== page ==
At least 22 dead, 60 missing in ‘unbelievable’ Tennessee flooding

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(HUMPHREYS COUNTY, Tenn.) — At least 22 people are dead and 60 are missing after middle Tennessee was hit with record rainfall Friday into Saturday morning.

The flooding in the region caused cars to be tossed like toys and houses ripped off their foundations, officials said.

A preliminary rainfall total of 17.02 inches was measured at McEwen, Tennessee, Saturday, which would break the all-time 24-hour rainfall record for the state of Tennessee, according to the National Weather Service. The old record was 13.06 inches, recorded in Milan on Sept. 13, 1982.

In Humphreys County, 10 were killed and about 40 people remain missing, according to Rob Edwards, chief deputy with the Humphreys County Sheriff’s Office said on Saturday. By Sunday that number grew to 22 dead and 60 missing.

Grey Collier, public information officer for the county’s emergency management agency, told ABC News Sunday evening that the number of missing persons was “nowhere near concrete” and changing rapidly.

During a news conference Sunday evening Patrick Sheehan, director of the Tennessee Emergency Management Agency, said rescuers were still searching the area, but cautioned that things were looking grim.

“I would expect, given the number of fatalities we’ve seen so far, that we’re going to see mostly recovery efforts at this point, rather than rescue efforts,” he said.

The Waverly, Tennessee, Department of Public Safety posted a list of those who are potentially missing. The list doesn’t include missing children, Collier said.

Humphreys County is located along the Tennessee River, about 90 minutes west of Nashville.

“We have power outages all over the area,” Rob Edwards, chief deputy with the Humphreys County Sheriff’s Office, said. “Complicating issues is the loss of all cell phone coverage from the major carriers. They are bringing in portable units to assist with communications. We have lost a lot of roads both rural and major highways. In my 28 years, it’s the worst I’ve ever seen it.”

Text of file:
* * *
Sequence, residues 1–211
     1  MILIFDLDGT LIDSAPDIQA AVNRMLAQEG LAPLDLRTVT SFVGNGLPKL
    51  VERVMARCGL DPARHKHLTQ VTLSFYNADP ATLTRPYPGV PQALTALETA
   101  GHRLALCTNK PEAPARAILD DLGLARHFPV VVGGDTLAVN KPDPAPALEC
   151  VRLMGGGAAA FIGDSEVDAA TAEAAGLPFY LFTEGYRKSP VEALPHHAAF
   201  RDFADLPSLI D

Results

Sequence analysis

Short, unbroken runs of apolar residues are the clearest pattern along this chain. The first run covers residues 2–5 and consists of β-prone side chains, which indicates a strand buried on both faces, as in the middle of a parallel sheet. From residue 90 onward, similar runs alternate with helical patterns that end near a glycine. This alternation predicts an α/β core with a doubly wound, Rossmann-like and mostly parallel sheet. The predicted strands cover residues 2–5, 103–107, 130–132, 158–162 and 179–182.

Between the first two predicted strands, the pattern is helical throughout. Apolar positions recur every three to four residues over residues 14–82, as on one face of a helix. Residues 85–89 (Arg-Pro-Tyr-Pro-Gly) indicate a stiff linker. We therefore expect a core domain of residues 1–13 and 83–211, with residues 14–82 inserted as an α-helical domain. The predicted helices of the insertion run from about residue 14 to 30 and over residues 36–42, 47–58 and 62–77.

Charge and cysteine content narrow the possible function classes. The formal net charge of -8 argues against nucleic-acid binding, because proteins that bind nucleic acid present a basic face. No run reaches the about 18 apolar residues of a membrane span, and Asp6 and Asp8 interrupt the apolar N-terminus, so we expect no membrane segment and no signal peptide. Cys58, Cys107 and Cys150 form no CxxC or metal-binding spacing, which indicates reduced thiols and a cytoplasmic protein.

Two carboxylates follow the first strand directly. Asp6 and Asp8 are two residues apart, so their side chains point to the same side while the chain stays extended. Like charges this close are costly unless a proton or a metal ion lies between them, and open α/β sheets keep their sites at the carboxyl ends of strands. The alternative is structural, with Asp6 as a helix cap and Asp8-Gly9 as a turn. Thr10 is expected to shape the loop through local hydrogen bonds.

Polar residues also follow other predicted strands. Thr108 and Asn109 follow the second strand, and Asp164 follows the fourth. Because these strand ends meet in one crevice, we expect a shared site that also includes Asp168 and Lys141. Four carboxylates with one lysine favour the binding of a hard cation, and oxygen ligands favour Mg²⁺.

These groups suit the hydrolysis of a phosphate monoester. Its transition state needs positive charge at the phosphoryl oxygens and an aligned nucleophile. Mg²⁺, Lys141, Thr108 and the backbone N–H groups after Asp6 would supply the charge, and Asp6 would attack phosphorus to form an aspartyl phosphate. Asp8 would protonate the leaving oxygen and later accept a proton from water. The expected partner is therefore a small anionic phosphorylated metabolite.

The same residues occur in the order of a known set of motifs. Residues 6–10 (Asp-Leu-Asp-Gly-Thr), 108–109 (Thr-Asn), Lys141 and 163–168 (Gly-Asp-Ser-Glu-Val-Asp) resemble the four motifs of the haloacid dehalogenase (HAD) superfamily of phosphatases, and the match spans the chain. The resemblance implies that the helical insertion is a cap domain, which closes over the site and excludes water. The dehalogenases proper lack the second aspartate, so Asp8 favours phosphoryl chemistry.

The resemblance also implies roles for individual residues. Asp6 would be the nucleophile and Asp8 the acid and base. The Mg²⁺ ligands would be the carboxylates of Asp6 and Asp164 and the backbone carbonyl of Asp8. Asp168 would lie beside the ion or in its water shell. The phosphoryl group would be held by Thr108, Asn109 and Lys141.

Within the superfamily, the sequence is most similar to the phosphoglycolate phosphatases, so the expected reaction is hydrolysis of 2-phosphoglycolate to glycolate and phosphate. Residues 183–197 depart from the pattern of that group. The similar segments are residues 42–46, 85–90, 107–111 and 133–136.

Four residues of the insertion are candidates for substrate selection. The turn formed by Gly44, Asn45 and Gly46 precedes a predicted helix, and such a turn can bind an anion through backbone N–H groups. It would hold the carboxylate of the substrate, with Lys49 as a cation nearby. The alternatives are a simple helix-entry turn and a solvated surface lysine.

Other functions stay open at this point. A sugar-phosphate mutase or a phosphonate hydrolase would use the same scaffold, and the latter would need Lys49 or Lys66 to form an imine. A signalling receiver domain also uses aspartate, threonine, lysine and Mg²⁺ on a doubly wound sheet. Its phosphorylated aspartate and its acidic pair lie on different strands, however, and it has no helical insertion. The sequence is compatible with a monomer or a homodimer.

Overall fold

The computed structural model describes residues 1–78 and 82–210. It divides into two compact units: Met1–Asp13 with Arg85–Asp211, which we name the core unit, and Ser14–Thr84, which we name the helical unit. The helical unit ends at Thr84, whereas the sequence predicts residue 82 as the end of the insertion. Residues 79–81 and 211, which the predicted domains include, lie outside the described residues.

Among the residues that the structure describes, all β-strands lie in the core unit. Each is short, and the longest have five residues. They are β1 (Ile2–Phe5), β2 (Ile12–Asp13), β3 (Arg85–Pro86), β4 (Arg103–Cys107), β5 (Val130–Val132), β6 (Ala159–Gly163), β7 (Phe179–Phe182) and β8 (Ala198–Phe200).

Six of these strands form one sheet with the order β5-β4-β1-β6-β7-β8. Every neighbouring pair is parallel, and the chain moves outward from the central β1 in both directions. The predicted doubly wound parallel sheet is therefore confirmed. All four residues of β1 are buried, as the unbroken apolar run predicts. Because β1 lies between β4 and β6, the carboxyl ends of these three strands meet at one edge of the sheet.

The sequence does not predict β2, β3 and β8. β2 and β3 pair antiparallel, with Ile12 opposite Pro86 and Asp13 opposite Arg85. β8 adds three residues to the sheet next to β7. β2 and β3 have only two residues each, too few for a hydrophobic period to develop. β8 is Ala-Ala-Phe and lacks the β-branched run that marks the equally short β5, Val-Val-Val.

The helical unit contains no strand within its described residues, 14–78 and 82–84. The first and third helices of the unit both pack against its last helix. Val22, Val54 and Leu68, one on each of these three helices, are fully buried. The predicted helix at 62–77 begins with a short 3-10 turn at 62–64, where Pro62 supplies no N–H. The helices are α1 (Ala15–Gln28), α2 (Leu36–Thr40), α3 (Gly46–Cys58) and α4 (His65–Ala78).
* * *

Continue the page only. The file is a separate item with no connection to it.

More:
President Joe Biden expressed his “deepest condolences” for the victims and families of the flash flooding during a news conference Sunday evening. He said the federal government has reached out to Gov. Bill Lee.

“We’ll offer any assistance they need for this terrible moment,” Biden said.

Lee was scheduled to give an update Sunday evening.

Flash flood watches were in effect across much of central Tennessee on Saturday.

The Hardin County Fire Department, which went to assist nearby Humphreys County, called the destruction “unbelievable” and said search teams would return to the region on Sunday morning.

The Tennessee Emergency Management Agency warned people to avoid traveling in Humphreys, Houston, Dickson and Hickman counties.

The Red Cross said it had opened emergency shelters at the YMCA Dickson County in Dickson; the Fairfield Church of Christ in Centerville; and the Waverly Church of Christ and Waverly First Baptist Church in Waverly.

ABC News’ Max Golembo, Victoria Arancio, Will McDuffie and Matt Foster contributed to this report.

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